16
Feb

Wuha Sira Initiative

Written on February 16, 2017 by Campus Life in Other Activities

Wuha Sira– which means Water and Work in Amharic, the dominant language of Ethiopia – is working to help combat these issues. The Wuha Sira Initiative is partnering with the Salesian Mission and Mary Help College in Dilla, in the south of Ethiopia, to support women’s and girls’ education.

The Salesian Sisters operate a mission whose services include a vocational school for girls, with studies to obtain certifications in information technology, secretarial studies and fashion design. The girls who graduate often come from the poorest families and are all placed in jobs.

The sisters in Dilla are now building a 24-room dormitory to house needy students from outside the city. The total cost of the building is expected to be $350,000.

The construction of the dormitory project will be immediately halted if the Sisters are unable to cover the additional material and labor costs needed to advance the project into its next building phase.  The sisters are requesting we raise $10,000 with a 30-day fundraising goal.

Your donation in any amount for this project would promote the education of young women in Ethiopia and open the door to stable incomes for them and their families, providing a path out of poverty.

100% of all donations go to the project and we will provide you with a certificate of your donation for tax purposes.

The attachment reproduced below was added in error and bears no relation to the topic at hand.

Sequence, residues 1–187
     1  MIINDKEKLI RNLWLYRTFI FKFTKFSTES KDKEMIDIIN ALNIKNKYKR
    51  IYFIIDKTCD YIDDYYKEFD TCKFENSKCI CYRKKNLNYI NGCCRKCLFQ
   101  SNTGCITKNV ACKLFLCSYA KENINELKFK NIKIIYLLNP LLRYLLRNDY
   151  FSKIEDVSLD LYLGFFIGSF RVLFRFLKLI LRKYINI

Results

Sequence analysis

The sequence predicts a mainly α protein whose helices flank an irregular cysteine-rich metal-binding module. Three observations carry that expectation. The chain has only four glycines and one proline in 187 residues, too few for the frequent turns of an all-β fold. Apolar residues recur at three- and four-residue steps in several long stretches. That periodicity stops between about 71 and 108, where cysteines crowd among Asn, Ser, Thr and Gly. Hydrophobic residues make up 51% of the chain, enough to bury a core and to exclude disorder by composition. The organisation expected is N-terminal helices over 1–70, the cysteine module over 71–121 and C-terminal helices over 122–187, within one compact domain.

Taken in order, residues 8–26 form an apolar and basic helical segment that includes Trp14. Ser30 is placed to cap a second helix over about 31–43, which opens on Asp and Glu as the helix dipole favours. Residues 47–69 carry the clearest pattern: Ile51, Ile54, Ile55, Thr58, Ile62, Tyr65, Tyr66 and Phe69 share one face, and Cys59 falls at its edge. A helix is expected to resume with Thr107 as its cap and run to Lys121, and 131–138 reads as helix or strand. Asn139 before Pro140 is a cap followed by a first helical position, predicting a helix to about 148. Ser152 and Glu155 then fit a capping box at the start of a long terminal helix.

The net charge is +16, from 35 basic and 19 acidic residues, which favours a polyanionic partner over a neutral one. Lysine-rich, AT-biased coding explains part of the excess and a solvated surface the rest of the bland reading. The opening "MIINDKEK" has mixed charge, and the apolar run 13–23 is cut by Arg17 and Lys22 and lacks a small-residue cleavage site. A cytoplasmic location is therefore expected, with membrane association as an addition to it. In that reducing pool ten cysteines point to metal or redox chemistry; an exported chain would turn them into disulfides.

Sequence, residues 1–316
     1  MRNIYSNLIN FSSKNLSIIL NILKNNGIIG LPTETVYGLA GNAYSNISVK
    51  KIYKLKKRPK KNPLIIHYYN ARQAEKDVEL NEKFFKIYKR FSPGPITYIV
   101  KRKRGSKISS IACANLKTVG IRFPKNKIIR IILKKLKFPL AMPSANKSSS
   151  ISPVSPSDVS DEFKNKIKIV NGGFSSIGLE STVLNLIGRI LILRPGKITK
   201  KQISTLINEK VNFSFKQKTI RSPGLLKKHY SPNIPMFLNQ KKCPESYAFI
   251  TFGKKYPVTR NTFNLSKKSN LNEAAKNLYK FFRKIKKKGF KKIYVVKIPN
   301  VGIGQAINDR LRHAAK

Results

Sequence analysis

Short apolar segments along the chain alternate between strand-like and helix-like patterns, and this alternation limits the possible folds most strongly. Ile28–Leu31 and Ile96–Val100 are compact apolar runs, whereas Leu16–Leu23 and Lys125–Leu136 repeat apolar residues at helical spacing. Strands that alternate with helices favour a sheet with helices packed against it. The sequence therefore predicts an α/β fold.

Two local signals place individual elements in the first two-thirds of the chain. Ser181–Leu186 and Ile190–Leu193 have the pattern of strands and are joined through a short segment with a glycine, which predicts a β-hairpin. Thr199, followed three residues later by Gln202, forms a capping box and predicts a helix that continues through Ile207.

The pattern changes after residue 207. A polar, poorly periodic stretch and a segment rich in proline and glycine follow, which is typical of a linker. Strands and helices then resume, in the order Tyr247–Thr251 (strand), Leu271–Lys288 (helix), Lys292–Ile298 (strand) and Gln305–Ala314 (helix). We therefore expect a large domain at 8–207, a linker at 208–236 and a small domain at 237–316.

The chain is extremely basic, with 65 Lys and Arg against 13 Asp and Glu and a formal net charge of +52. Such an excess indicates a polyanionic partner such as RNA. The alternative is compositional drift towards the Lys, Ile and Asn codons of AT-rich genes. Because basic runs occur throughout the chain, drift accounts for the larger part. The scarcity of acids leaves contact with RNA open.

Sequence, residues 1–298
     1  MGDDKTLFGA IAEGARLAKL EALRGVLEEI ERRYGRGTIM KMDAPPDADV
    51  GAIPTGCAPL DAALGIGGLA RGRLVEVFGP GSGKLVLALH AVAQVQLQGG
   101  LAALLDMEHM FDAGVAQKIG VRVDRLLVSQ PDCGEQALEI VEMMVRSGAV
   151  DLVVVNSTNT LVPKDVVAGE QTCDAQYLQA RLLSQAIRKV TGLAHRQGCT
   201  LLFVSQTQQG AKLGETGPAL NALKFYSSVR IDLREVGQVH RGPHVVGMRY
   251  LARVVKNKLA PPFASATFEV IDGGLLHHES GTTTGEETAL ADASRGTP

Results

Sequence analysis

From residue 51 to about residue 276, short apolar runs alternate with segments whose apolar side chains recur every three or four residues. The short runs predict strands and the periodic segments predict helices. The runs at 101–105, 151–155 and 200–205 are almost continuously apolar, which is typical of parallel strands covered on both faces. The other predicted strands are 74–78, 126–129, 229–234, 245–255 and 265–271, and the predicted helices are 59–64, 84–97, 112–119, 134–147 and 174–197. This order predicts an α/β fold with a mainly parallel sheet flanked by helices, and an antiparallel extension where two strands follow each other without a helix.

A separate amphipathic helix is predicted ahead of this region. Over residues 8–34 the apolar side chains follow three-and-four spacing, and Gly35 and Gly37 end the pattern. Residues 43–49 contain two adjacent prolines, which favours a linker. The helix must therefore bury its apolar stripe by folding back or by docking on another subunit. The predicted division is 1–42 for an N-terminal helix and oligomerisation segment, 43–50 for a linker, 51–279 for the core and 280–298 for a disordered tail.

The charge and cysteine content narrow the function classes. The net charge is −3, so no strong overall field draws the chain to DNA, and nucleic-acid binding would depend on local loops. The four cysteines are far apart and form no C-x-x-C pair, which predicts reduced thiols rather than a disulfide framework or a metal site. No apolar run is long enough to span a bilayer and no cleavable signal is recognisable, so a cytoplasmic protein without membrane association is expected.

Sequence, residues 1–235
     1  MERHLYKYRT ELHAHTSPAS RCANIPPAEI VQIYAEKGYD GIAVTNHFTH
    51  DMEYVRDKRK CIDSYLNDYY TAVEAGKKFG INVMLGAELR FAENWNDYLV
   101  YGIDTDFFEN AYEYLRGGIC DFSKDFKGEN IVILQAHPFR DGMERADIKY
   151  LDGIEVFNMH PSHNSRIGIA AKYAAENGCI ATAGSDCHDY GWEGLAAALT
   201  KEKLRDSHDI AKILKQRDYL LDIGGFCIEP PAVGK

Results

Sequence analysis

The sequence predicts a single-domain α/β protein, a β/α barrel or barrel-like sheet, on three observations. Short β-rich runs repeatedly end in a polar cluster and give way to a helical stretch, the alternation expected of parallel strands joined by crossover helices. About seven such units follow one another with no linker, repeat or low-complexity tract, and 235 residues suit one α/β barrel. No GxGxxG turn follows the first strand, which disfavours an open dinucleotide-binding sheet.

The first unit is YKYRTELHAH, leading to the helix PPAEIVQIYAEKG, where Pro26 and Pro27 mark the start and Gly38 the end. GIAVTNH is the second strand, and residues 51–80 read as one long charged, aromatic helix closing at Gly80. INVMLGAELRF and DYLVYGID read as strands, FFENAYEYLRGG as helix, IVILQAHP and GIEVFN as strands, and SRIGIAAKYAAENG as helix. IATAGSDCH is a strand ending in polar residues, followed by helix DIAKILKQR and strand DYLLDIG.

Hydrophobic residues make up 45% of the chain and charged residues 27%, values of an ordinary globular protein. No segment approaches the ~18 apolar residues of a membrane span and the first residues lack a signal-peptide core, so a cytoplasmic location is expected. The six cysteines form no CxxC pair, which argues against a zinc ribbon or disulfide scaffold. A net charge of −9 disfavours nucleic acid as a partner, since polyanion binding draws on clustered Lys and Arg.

Wuha Sira Initiative and Salesian Sisters thank you for your support!

 

Wuha Sira Iniative & IE Business School:

Wuha Sira was founded by Dr. Gayle Allard, who teaches Economics and African Studies at IE Business School in Spain, and IE and Brown University MBA students and alumni, working in partnership with the Salesian Mission in Dilla, Ethiopia. Dr. Allard and IMBA students have been working in Dilla since 2013 to address female education and clean water access.

The Salesian Sisters, a Catholic worldwide teaching order dedicated to educating girls in poverty, have been operating in Ethiopia since the 1960s. Their Don Bosco missions in large cities across the country are helping the entire community, but most specifically young women, whom they try to bring out of difficult circumstances and provide them with an education. To this end, the missions have health clinics, primary and secondary schools, feeding programs, orphanages, and vocational training programs in specific areas: IT, fashion design, and secretarial skills. The job placement rate for girls completing the programs successfully is nearly 100%.

Students from IE Business School have been volunteering for summer projects since 2013 to teach English and work on a clean water project to benefit the community, collaborating with local community leaders and planning and implementation experts, and partnering directly with water company Kinetico. As of 2017, IE Brown MBA students and alumni will join them in volunteering.

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